Additional Reading:  Will Student Debt Become Easier to Include in Bankruptcy?

Can You Go to Jail for Debt, and What You Can Do to Avoid Jail

So, now that we’ve cleared up whether jail is a possibility for debtors, let’s talk about how someone in debt can avoid ending up in jail. Here are a few steps you can take to protect yourself in the event of debt you can’t pay:

  1. Always read and respond to all papers you get from the court or the attorney of a collector who is suing you. These papers have important information, and not responding could mean you are found in contempt of court.
  2. Go to the hearings.
  3. Know whether you are judgment-proof.
     This means your income is exempt from garnishment and you do not have assets that can be seized and sold to pay your debt. If you have no assets or have only assets which are exempt, you may be judgment-proof and a suit will have little or no effect on your present financial circumstances.Ohio law exempts some sources of income from seizure by creditors. These include social security retirement or disability benefits, SSI, OWF and other public benefits, worker’s compensation and unemployment compensation.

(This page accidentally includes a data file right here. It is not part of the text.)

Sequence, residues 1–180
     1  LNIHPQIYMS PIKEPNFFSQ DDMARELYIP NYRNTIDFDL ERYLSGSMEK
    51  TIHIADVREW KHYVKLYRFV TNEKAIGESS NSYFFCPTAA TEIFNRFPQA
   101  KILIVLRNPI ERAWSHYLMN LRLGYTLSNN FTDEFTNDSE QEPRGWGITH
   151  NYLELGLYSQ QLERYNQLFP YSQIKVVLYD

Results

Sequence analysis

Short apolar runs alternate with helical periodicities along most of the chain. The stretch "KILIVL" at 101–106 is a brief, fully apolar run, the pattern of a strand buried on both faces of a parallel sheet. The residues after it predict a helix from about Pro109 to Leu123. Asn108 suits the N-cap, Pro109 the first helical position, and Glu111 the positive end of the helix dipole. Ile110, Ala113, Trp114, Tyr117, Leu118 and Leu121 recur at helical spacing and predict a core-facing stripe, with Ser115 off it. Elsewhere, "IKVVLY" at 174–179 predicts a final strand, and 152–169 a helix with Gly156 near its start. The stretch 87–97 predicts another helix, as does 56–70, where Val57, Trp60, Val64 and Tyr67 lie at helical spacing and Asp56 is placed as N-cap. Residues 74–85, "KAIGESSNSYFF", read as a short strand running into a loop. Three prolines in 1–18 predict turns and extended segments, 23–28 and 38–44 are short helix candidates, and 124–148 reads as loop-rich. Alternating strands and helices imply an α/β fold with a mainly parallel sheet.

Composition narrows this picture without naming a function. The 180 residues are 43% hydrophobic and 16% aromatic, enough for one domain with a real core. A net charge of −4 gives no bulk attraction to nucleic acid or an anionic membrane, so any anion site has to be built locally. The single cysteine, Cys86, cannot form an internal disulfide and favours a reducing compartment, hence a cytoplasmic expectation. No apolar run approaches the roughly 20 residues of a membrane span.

4. Ask for a hearing. You have the right to a hearing if you disagree with an order of garnishment if the money in your account comes from an exempt source. If your source of income is exempt, the money stays exempt, even if directly deposited in your bank account. However, the bank will freeze whatever is over the exemption amount.
  5. File for bankruptcy. If you have found yourself in a situation where the debt is more than you can handle, here’s some good news — there is help available to get you past this crisis and provide the fresh start you need.  Bankruptcy, a legal way to have many debts forgiven, can put you on the road to financial recovery.  If you’re a good candidate for bankruptcy, filing can keep creditors from harassing you and seizing your possessions, allow debts to be forgiven, and provide a way for you to keep your assets and begin to rebuild your life.

Discuss your Debt Relief in a Free Consultation

Many people struggle with this question: Can you go to jail for unpaid debts? You cannot be arrested for debt, but creditors can file a lawsuit against you and even garnish your wages for payment.  Jail is only a factor in cases of fraud, theft, or defying a court order.  Take the first step toward debt relief and contact the experienced and compassionate attorneys at Fesenmyer Cousino Weinzimmer today for a free initial consultation.  We will evaluate your entire financial situation by looking at your income, your debts and your goals, and we will discuss the best fit for your financial situation.  We will handle every phase of the process, including getting creditors to stop attempting to collect on unpaid bills. We’ll provide you a free consultation so we can determine what debt relief solutions will work best for you.